More On Legal & Compliancefrom The Advisor's Professional Library
- Client Commission Practices and Soft Dollars RIAs should always evaluate whether the products and services they receive from broker-dealers are appropriate. The SEC suggested that an RIAs failure to stay within the scope of the Section 28(e) safe harbor may violate the advisors fiduciary duty to clients, so RIAs must evaluate their soft dollar relationships on a regular basis to ensure they are disclosed properly and that they do not negatively impact the best execution of clients transactions.
- Pay-to-Play Rule Violating the pay-to-play rule can result in serious consequences, and RIAs should adopt robust policies and procedures to prevent and detect contributions made to influence the selection of the firm by a government entity.
The National Association of Personal Financial Advisors (NAPFA) has sounded the alarm against House Financial Services Chairman Spencer Bachus’ bill calling for a self-regulatory organization (SRO) to oversee advisors.
Warning that the bill would hurt small-business owners “who provide sound financial planning to consumers and who put their clients’ interests first,” NAPFA officials said in a May 31 statement that the “seemingly innocently named” Investment Adviser Act of 2012 (HR 4624) would strip advisor examination and oversight from the Securities and Exchange Commission (SEC), the independent government agency that has overseen registered fiduciary advisors for more than seven decades.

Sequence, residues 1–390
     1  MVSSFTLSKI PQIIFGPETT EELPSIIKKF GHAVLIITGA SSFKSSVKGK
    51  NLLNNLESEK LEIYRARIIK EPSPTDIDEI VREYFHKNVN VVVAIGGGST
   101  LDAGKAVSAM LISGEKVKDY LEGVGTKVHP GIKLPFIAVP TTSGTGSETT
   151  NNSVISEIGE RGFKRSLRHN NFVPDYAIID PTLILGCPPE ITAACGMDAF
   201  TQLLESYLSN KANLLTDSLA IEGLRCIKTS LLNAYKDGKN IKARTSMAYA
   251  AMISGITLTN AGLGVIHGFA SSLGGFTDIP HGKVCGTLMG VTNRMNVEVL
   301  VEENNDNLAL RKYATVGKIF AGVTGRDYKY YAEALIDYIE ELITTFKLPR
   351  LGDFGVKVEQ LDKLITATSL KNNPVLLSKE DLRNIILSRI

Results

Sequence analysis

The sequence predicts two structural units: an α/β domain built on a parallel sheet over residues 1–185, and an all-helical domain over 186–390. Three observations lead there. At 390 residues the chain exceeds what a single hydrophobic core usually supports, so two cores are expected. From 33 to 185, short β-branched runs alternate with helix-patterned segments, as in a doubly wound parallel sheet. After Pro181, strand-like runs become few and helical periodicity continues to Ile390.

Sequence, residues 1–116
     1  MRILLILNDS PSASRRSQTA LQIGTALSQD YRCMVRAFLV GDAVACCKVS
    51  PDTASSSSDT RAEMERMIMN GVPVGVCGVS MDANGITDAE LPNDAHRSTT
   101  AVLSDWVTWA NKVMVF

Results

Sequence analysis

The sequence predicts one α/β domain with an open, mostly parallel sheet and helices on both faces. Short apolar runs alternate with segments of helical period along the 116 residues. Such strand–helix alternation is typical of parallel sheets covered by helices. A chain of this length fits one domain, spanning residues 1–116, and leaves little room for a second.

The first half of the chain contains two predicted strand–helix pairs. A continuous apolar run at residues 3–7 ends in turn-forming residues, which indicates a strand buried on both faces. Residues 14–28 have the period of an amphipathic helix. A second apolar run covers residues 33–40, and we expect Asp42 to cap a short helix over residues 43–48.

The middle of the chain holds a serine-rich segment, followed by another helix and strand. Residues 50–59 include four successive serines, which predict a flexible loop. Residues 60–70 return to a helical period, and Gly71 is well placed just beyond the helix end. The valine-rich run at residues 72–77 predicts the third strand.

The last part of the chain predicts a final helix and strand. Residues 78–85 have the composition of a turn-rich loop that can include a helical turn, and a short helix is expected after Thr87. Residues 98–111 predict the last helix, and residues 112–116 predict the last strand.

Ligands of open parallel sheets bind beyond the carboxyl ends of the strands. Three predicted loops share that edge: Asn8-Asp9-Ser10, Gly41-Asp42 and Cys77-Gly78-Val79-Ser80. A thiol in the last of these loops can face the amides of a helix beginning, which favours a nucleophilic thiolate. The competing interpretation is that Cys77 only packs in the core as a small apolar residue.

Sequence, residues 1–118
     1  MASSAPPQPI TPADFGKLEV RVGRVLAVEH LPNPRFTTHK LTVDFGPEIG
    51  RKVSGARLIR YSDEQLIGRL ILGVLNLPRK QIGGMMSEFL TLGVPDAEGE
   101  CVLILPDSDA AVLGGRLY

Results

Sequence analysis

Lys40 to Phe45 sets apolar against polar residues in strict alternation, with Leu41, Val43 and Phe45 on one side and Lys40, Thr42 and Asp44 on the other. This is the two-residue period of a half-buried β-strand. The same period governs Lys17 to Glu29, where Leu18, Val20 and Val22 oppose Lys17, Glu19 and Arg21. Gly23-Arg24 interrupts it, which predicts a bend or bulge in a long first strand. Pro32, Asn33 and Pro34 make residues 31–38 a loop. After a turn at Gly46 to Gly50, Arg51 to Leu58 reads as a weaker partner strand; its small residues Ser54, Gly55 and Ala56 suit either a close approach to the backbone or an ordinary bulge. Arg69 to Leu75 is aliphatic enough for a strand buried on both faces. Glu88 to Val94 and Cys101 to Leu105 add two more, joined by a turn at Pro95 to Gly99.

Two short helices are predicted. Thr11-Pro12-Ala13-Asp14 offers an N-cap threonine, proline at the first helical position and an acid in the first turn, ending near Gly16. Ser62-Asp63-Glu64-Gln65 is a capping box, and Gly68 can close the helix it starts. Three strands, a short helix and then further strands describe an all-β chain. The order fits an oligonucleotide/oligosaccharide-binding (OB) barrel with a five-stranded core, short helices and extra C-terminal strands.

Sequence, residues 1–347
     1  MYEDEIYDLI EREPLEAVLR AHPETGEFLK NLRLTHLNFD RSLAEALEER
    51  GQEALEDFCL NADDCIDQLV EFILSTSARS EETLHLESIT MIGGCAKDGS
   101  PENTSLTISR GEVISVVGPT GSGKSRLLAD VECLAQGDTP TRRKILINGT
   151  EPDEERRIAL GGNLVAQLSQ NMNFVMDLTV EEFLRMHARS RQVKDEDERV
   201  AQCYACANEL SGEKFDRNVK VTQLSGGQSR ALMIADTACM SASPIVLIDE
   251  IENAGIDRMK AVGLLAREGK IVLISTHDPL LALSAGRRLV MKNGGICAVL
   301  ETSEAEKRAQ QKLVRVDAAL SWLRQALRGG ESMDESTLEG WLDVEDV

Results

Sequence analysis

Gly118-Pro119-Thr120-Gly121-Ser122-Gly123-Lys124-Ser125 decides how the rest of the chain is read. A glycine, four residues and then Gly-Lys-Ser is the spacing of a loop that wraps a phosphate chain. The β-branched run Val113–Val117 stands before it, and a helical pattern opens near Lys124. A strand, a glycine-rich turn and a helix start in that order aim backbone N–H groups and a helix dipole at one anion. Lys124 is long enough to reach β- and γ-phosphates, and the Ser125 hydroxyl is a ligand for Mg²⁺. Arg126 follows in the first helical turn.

Bachus, who will hold a hearing on Wednesday, proposes that SEC oversight of advisors be replaced with a nongovernment organization, the Financial Industry Regulatory Authority (FINRA).
“All advisors, and the American public, should be distressed that this bill would allow the foxes to rule the henhouse. Faced with this reality, NAPFA is sounding the alarm,” the NAPFA statement said. “FINRA’s member firms are some of the Wall Street broker-dealers who so recently created and sold to unsuspecting consumers the credit default swaps and toxic-mortgage-backed securities, which in large part led to the recent financial crisis.”
NAPFA sees eight ways in which FINRA oversight could hurt independent advisors and their clients:
- FINRA’s “exorbitant operating expenses and bloated salaries” make them more Wall Street than Main Street.
- FINRA’s mandatory membership fees would put many independent financial advisors who offer advice to middle-class savers out of business.
- The burden of making small business owners pay mandatory fees to fund FINRA salaries is “unconscionable.”
- FINRA is not subject to sunshine laws and does not have to hold open meetings.
- FINRA is not subject to the Freedom of Information Act and is “notoriously secret” about their books and records.
- FINRA is an organization run by Wall Street’s executives who, with a “wink and a nod,” purport to oversee their Wall Street colleagues. “This is like ENRON overseeing CPAs, or drug companies overseeing your family physician.”
- FINRA has no experience working with financial advisors held to the high fiduciary standard.
- FINRA acts like a government authority, but without government accountability.
“This issue is too important for truly independent, fiduciary advisors—and the American public—to ignore,” said NAPFA national chairwoman Susan John in a statement. “If Chairman Bachus achieves the hostile takeover of small business owners in our industry, he will drive good men and women out of business and harm the consumers they work so hard to serve. NAPFA strongly believes that a properly funded SEC is the best way to ensure investment advisers are truly working in the best interests of those they serve—with accountability and transparency.”
Read Combatants Gear Up for SRO Hearing at AdvisorOne.